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  • Saba Harouni Lurie

Stop Shoulding on Yourself: Living Free from Self-Judgment


“I should really call my friend back.” “I should start doing yoga.” “I should want to spend time with my family.” “They should know why I’m mad at them.” “I shouldn’t feel this upset.” Does any of that sound familiar? If it does, what feeling comes up for you when you read those sentences or have similar thoughts?


When we use the word 'should,' it implies judgment, and can often lead to feelings of guilt or shame, especially when what 'should' happen doesn't happen. Thinking about how things should be or how we ought to behave can put us in direct conflict with accepting the way things actually are. This can make it difficult to make peace with our own reality. An old boss of mine used to tell me, "Stop shoulding on yourself!" That phrase helped me think of the word 'should' as a verb - something we actually do to ourselves, or to the people around us.


So what happens when we “should” on ourselves? A researcher in muscle kinesiology found that when we say we ‘should’ do something, our body tenses up the same way as when we say that we ‘have to’ do something. It decreases our motivation, or desire to actually do the thing we say we should do, and makes us feel guilty. When we 'should' on others, there is also invariably judgment of their behavior. We may expect or even feel entitled to a certain treatment from others, and, in most cases, we feel disappointed.


So, what can we do we do instead? The first step is just to increase our awareness of how often we use the word should. When we start catching ourselves doing it, we then have the opportunity to see which kind of situations it comes up in, and whether or not there’s a pattern. Instances like “I should really go the gym this week” and “I should really order the salad” might give us some useful insight into some negative attitudes about our bodies and eating habits, while “I should call my mom” or “I should visit my nieces and nephews” might show us how often we’re connecting with people in our lives because we feel like we ought to, not because we really want to.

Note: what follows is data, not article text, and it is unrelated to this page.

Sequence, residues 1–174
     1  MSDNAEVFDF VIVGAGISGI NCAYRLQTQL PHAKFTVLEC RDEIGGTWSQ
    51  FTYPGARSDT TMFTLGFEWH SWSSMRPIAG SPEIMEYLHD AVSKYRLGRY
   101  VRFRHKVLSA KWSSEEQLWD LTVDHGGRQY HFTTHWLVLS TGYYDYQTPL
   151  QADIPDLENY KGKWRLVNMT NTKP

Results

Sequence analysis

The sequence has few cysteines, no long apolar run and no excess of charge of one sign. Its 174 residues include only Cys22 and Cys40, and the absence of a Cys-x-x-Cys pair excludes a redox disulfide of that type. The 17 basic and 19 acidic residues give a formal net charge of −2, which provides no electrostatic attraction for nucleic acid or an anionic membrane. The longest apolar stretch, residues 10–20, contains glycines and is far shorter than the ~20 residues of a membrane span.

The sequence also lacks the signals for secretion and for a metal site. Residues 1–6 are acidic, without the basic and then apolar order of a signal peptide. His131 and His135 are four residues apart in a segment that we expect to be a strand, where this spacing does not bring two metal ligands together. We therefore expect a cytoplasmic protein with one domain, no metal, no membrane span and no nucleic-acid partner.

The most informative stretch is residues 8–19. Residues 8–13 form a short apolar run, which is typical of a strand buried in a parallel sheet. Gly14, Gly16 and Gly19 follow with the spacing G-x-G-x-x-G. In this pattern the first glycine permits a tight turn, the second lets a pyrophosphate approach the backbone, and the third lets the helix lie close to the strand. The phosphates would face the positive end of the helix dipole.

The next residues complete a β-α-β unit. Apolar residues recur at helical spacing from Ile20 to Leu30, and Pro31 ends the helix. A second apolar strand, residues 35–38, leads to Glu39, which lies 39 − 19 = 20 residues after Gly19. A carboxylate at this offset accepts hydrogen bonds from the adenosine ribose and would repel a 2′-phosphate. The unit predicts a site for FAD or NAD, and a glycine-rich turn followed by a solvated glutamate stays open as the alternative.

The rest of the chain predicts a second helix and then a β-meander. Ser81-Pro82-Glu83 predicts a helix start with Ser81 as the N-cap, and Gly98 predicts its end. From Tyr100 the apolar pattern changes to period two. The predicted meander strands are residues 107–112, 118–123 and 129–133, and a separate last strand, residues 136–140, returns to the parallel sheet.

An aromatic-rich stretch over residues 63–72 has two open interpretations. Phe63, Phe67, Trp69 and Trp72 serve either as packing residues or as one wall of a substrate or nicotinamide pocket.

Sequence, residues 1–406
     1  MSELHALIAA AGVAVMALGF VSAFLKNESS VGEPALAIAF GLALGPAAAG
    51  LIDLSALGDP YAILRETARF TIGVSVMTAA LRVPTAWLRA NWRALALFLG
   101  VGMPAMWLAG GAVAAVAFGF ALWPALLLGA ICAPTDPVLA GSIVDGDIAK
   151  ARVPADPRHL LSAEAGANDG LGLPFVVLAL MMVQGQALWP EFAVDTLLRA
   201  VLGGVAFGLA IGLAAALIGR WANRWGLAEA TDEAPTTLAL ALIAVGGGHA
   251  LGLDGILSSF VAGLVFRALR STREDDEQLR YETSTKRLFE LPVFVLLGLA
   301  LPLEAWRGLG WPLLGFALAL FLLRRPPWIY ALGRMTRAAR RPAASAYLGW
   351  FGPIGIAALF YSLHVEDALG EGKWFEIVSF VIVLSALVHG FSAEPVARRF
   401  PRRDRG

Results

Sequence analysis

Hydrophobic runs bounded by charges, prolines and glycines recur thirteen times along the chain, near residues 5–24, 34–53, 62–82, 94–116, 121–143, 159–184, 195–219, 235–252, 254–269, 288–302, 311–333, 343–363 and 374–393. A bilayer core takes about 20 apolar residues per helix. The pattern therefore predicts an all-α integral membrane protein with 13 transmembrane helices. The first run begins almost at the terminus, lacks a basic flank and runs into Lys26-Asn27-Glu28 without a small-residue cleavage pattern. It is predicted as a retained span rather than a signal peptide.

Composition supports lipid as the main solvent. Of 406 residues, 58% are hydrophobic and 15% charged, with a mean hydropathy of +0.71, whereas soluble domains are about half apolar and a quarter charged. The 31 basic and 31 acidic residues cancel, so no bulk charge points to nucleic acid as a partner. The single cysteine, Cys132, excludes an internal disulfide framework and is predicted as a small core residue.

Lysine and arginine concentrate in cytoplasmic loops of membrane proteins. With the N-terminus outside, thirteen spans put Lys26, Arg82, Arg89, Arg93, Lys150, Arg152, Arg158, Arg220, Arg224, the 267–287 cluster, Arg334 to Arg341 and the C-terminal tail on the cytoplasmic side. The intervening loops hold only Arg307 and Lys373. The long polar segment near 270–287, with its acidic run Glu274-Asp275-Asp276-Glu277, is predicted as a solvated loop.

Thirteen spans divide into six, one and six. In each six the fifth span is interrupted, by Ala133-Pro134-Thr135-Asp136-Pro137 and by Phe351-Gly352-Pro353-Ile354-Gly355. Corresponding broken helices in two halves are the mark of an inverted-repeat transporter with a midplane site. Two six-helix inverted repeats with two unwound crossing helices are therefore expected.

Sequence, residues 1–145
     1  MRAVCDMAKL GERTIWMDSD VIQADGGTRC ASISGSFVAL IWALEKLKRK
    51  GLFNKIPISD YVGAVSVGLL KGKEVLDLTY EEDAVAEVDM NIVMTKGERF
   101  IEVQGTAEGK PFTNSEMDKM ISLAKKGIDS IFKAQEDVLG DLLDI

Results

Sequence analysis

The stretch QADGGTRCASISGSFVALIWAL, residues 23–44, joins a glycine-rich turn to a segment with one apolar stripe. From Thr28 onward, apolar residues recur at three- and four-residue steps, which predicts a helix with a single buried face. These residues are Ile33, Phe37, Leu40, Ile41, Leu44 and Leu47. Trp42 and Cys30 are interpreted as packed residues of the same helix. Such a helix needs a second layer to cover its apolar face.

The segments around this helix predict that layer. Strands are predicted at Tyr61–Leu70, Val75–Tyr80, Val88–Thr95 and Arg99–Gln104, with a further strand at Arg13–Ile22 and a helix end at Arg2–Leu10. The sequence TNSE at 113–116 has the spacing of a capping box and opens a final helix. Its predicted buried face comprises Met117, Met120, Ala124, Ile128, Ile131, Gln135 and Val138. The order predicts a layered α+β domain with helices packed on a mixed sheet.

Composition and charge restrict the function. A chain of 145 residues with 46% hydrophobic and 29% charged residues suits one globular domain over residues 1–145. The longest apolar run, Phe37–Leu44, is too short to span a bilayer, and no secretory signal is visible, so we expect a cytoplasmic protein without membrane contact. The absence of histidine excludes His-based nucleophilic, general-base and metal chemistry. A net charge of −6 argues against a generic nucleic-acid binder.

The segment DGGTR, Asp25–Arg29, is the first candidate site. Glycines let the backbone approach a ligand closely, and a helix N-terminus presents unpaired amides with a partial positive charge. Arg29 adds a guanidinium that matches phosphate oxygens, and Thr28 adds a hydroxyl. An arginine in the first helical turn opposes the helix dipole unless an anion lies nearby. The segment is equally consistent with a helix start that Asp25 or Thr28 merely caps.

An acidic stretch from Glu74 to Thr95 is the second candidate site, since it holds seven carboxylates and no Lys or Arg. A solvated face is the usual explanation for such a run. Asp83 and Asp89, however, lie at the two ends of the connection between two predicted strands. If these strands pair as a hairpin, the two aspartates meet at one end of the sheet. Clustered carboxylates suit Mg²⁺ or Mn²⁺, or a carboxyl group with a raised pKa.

When we become more intentional about catching ourselves using the word 'should,' our perspective might start changing, and we can then use that moment to approach the situation differently. At that point, after we’ve become more aware of the unhelpful habit, we can begin trying to replace it with something else. Saying "I could," "I would like to," or "I will," helps us manage our expectations, and be kinder to ourselves and others.


What do we risk if we continue to use the word should and make choices out of obligation and necessity? Well, we rob ourselves of genuine enjoyment of what we happen to be doing. Spending time in our bodies and eating nourishing foods can feel really good and be their own reward—but if we’re doing those things out of allegiance to what we think we should do, we turn the act into a chore. This is counterproductive because when things that are good for us become a chore, rather than a potential delight, we’ll tend to avoid them even more. This has a neurobiological basis: our brain craves pleasurable experiences (meaning ones that are most likely to produce dopamine), and therefore will actively avoid experiences associated with negative feelings.


If we really want to live differently - like seeing our families more or having healthier habits - but are struggling to actually implement change, we can co-opt our biochemistry by finding the positive feelings in those experiences. What would it feel like to replace the thought, “I should quit smoking,” with, “I love how it feels to breathe deeply when I don’t smoke,” or, “I love how good I smell when I don’t smoke”? Similarly, what would it feel like to replace the thought, “I should call my mom” with “I really love making my mom laugh,” or, “It would feel really good to share some recent personal victories with my mom”?


Lastly, when you remove ‘should’ from your vocabulary, you become more in touch with your own reality, and you become more aware of what you really want (even if it’s what you don’t want to want). For example, if you're having a hard time getting up in the morning – from lack of motivation or a sense of dread - your subconscious may be trying to tell you that you're not truly satisfied with your current situation. Accessing those feelings and taking an honest inventory of your life can be scary, but with support (from friends, and potentially with the help of a therapist), you can begin the process of transitioning from the make-believe world of ‘should’ to the joy of discovering and implementing your personal truths – not because you should, but because they feel good.

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